In this paper I examine the fundamental factors that shaped the 2012 presidential campaign and ultimately produced a fairly close but decisive victory for Barack Obama. I argue that the voting patterns seen in 2012 both at the state level and at the individual level reflected an increasingly partisan and polarized electorate.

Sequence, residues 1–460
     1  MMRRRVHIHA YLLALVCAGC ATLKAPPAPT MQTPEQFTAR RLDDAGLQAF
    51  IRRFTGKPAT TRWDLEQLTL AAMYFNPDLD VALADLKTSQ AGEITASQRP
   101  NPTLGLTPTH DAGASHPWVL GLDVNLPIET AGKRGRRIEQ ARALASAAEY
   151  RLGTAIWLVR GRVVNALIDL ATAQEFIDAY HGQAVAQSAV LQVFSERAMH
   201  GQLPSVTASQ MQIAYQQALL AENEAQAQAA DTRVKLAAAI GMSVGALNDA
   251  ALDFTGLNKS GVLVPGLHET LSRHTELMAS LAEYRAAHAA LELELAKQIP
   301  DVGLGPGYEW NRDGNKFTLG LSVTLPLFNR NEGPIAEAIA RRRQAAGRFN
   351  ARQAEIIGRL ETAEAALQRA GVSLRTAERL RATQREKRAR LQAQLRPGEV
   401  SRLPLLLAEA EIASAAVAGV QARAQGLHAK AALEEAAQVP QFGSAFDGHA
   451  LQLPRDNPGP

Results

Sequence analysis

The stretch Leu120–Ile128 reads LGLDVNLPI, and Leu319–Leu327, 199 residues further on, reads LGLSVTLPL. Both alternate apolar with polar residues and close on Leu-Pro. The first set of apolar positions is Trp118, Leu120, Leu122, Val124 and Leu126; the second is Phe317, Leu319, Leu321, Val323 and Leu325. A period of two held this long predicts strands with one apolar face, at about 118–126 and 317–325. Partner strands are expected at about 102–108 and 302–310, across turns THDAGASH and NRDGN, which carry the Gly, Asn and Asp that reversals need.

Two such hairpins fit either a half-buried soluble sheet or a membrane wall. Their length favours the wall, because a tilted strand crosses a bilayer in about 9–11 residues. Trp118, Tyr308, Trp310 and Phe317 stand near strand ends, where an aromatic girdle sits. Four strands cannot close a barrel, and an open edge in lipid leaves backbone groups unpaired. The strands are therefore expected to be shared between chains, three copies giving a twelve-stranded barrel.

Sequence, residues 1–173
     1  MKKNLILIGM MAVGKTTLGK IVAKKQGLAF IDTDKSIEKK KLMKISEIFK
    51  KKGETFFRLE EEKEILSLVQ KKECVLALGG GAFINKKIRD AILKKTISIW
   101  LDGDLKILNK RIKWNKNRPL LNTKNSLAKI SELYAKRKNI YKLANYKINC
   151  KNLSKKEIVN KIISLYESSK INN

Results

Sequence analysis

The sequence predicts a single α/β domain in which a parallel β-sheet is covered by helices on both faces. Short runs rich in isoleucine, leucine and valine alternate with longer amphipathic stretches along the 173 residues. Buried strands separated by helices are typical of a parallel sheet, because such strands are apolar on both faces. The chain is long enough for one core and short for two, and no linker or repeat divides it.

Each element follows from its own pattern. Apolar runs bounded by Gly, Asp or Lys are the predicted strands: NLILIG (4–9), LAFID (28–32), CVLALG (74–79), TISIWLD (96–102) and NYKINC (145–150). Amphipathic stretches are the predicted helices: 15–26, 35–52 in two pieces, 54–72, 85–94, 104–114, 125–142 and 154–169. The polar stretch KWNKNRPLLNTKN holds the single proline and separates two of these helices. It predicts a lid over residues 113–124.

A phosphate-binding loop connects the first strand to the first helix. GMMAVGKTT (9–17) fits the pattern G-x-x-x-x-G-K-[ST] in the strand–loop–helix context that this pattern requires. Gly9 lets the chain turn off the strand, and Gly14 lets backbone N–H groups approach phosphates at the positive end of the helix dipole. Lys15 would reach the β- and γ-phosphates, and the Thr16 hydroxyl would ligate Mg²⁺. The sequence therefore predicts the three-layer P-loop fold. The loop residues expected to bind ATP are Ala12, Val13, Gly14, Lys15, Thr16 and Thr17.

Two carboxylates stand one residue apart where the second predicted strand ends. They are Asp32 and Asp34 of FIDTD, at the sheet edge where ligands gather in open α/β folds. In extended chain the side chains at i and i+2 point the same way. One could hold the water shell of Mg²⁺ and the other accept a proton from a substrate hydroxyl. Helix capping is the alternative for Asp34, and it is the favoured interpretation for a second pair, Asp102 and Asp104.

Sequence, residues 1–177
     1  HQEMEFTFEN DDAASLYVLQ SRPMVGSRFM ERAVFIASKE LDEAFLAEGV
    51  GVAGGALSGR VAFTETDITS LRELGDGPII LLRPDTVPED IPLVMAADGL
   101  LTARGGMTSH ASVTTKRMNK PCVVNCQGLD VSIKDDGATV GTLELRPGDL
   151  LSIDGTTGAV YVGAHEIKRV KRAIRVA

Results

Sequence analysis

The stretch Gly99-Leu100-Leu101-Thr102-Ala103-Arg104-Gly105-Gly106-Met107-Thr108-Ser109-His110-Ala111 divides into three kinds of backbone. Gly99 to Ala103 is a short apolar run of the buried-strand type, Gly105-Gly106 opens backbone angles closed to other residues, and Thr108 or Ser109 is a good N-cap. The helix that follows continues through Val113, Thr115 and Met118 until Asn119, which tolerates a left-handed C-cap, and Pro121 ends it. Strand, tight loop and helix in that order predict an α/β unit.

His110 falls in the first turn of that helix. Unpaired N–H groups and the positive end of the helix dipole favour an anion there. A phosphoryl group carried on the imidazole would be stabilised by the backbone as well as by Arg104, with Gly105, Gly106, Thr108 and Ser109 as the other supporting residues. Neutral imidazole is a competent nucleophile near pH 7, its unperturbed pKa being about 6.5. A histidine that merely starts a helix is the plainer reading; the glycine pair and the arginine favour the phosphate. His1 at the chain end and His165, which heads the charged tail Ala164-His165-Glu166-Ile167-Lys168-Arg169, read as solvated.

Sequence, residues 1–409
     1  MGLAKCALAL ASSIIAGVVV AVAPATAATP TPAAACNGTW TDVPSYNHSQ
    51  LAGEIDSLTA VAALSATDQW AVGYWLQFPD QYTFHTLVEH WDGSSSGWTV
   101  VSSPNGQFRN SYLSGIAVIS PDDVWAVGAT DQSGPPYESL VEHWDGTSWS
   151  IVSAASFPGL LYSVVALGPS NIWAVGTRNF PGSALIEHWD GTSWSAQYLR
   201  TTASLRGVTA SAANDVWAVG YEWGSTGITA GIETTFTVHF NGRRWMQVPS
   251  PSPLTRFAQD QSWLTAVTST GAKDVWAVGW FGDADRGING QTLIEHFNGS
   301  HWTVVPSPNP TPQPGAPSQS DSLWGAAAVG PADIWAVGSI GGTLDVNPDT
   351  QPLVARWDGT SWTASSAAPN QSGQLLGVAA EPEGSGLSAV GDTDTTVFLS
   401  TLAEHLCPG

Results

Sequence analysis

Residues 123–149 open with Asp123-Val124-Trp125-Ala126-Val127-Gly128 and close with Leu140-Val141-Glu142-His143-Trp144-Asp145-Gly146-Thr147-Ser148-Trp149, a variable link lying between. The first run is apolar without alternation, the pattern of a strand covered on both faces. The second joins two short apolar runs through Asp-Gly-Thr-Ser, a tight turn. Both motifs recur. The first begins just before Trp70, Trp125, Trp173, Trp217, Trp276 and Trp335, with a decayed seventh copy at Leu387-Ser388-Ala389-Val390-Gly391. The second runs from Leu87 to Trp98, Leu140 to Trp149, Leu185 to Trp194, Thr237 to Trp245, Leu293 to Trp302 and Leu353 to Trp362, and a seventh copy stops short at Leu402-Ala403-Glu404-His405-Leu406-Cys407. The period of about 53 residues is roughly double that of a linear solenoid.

The paper also discusses some of the long-term trends within the American electorate that contributed to Obama’s victory including growing racial and ethnic diversity and increasing liberalism on social issues. I argue that the 2012 results may signal the emergence, at least in presidential elections, of the long-term Democratic majority predicted a decade ago by John Judis and Ruy Teixeira. [cont. – PDF] [ alt. link: cont. – PDF]
Alan Abramowitz, Emory University